ST:  I have known Alison for a about a year and Nate for probably three or four. It was Alison’s idea for the show and she asked if we would be interested. Sometimes the jokes don’t always hit, but it’s supposed to be about finding some good material in the shit and muck we all wade through.

RM:  When you’re trying to sit down and brainstorm ideas for new material, what are some of the things you use for inspiration in order to come up with new concepts for jokes? Do you figure that most of your bits come from planned writing sessions, or simply as you go throughout your daily business and come across funny premises?

ST:  Really it comes from both. Discipline and regular writing is important and I have been lacking lately, but creating requires some spontaneity for me. You just see something or think on it and it can become very funny.

RM:  What’s the one thing you constantly see or hear other comics do that really bothers you? Why do you think that type of behavior is so detrimental to the comedy community in general, and why does it piss you off so much?

ST:  Laziness and shit talking. Fuck off…Tell jokes, work hard, don’t be an asshole and you have a pretty good shot at some opportunities. Not everything works out, but you can try to make your situation better. I have trouble living up to this, just so you know.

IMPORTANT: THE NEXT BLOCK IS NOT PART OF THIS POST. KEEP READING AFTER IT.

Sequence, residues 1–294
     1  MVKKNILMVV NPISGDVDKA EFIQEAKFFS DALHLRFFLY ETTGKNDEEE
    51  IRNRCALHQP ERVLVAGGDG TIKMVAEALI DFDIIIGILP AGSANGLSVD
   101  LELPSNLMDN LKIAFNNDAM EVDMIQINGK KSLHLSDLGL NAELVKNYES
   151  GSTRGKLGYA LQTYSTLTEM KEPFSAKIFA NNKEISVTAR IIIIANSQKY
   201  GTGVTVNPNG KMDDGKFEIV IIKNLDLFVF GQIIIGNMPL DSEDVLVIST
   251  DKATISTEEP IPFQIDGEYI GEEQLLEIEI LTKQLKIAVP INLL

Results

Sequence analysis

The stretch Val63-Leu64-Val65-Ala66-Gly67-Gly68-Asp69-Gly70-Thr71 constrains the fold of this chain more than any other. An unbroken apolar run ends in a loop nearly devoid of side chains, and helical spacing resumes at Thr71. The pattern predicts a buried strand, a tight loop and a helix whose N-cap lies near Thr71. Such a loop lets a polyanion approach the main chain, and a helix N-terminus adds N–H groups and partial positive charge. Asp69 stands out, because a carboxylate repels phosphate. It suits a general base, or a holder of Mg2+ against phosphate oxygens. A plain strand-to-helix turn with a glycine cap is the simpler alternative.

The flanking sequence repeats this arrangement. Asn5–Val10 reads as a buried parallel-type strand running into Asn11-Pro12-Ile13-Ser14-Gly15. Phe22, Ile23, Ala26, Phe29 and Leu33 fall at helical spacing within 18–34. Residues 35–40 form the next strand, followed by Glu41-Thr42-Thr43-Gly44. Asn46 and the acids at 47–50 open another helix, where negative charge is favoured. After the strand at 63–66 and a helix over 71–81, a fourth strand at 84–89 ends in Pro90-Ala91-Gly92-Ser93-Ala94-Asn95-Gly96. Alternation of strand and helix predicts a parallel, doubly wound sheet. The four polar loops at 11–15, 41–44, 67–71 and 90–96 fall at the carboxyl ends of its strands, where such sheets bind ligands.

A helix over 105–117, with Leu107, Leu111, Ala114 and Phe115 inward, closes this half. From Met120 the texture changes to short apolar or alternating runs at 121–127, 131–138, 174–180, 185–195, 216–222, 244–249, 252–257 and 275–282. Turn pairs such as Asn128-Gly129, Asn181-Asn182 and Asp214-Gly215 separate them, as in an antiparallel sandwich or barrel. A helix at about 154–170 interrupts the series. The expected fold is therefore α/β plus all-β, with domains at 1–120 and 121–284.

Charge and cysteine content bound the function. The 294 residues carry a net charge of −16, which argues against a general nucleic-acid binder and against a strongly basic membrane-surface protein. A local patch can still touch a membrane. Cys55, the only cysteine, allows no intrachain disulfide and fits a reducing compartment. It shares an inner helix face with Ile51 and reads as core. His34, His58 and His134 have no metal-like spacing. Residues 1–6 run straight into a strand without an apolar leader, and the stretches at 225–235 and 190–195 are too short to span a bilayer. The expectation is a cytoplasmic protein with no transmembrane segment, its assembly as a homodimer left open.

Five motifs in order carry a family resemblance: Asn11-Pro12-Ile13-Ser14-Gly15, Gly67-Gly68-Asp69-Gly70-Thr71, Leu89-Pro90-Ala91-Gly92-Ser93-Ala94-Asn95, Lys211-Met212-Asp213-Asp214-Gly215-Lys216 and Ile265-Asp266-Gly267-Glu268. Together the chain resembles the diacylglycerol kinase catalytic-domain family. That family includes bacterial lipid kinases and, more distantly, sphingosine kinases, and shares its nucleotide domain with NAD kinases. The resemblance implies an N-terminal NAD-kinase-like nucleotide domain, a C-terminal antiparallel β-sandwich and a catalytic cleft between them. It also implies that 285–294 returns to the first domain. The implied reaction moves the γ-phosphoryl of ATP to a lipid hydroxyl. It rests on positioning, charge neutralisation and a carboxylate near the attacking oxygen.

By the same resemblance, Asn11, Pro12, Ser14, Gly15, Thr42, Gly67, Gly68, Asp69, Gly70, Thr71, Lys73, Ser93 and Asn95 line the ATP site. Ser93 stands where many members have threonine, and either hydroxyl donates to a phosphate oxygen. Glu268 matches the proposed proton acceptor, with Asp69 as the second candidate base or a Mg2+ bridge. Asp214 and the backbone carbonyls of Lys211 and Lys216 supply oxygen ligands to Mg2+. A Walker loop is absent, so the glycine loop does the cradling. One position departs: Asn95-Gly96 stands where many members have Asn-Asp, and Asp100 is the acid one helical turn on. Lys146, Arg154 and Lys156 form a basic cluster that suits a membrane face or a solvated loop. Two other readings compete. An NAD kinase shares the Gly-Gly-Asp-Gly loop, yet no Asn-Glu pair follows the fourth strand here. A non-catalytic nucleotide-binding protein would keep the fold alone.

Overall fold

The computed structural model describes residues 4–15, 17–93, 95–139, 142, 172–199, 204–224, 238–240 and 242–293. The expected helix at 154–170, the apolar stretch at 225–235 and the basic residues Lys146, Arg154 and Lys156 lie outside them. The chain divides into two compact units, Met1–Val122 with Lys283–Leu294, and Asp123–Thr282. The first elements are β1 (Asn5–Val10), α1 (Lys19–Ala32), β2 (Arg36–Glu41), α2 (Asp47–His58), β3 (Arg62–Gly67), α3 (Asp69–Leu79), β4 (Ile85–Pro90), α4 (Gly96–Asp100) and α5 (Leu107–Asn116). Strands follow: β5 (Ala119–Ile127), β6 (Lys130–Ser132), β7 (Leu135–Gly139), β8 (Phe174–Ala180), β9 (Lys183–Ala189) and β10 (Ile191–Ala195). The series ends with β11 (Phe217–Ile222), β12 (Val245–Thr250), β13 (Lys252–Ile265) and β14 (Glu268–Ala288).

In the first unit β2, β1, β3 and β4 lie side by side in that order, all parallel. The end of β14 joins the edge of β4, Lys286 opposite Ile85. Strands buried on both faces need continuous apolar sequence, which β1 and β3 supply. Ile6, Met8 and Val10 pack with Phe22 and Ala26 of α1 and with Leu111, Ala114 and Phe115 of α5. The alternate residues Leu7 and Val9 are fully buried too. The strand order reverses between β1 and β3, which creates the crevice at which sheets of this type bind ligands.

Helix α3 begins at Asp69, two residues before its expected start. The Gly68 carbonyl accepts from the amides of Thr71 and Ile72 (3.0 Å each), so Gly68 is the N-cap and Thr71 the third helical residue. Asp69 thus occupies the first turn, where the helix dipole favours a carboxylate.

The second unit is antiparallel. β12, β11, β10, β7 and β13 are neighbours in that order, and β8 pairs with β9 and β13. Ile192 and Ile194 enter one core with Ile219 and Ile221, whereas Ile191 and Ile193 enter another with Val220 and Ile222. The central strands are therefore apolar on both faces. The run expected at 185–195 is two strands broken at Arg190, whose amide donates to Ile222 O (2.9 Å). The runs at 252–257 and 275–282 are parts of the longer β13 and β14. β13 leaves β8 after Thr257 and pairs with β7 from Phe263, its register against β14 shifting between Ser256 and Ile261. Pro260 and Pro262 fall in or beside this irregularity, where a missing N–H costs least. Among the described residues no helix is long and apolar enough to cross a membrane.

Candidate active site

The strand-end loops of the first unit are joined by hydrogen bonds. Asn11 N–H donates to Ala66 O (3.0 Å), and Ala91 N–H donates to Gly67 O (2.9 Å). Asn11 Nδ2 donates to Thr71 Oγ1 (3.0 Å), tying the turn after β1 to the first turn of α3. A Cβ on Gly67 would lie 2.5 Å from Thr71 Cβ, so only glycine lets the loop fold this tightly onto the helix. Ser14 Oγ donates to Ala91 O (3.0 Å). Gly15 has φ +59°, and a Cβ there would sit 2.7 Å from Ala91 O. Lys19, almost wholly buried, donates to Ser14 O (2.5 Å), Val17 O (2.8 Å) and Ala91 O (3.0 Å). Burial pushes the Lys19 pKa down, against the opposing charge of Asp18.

RM:  How do you think that comedy clubs will continue to fill seats given the many ways technology gives people such easy access to clips of people doing stand-up? Do they need to simply stick to making sure the live experience remains unrivaled, or do they need to start thinking about selling subscriptions on apps such as Periscope to out of market customers who wouldn’t be able to attend those clubs anyway?

ST:  I have no fucking idea. If you figure it out let me know. That could really help.

RM:  What’s up next for you in 2016 and beyond? Anything big in the works that we should know about?

ST:  Hopefully an album and a lot of touring. Maybe some acting if I can do a good job. Some other stuff to that I am looking forward to that I can’t really talk about yet.

Official Website:  http://www.shaneisacomedian.com/

Shane on Facebook:  https://www.facebook.com/shanetorresofficial

Shane on Twitter:  https://twitter.com/SyrupMountain

Once again thanks for visiting First Order Historians and enjoying more of the internet’s finest in user generated content.

Meehan